The military has long been in a peculiar bind when it comes to food: how to get soldiers to eat more rations when they are in the field. They know that over time, soldiers would gradually find their meals-ready-to-eat so boring that they would toss them away, half-eaten, and not get all the calories they needed. But what was causing this M.R.E.-fatigue was a mystery.

A lot of people would like to have this problem, and there are several lessons here. The first is the value of exercise. Soldiers in the field are burning a lot of calories. Their instincts may not be telling them to replace all of these calories.

The second lesson is the power of novelty. Although there is a lot of individual variation, the reward system in our brains seems to have an instinct to reward us for new experiences. If you are in a good place with your diet, then trying something new might be hazardous to your waistline.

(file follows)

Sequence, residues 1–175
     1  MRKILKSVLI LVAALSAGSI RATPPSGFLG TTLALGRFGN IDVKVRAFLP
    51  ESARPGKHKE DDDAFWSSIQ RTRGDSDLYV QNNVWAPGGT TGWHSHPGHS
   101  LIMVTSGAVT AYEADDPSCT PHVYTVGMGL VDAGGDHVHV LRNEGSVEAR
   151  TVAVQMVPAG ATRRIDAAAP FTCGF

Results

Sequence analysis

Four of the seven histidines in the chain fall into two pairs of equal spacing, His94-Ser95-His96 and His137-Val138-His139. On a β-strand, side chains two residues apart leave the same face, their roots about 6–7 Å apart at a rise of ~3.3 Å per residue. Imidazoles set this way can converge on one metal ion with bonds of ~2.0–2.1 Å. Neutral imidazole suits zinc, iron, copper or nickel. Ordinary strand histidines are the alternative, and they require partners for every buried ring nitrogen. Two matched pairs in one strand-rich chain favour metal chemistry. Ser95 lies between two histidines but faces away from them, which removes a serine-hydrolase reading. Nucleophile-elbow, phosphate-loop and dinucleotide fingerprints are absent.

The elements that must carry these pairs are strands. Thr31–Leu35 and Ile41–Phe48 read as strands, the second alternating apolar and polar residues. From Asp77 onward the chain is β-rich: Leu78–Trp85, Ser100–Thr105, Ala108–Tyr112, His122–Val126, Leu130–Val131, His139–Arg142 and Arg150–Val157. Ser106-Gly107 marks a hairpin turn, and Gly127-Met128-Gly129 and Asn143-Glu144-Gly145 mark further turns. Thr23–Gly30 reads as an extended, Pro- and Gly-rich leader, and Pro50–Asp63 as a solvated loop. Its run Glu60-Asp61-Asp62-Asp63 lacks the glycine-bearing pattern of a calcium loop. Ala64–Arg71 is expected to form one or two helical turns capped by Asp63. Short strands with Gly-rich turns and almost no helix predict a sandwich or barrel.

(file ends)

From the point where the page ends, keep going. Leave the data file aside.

The final lesson is that a restricted diet may help you lose weight because your appetite will diminish. This might explain the constant popularity of fad diets, even though there is no medical reason for them to accomplish anything if calorie intake is held constant. Any arbitrary and strict limit on your diet will be easy to remember and may decrease your appetite, so they may produce good results as long as you are getting all the vitamins and important nutrients you need.

With production costs trimmed and profits coming in, the next question was how to expand the franchise, which they did by turning to one of the cardinal rules in processed food: When in doubt, add sugar.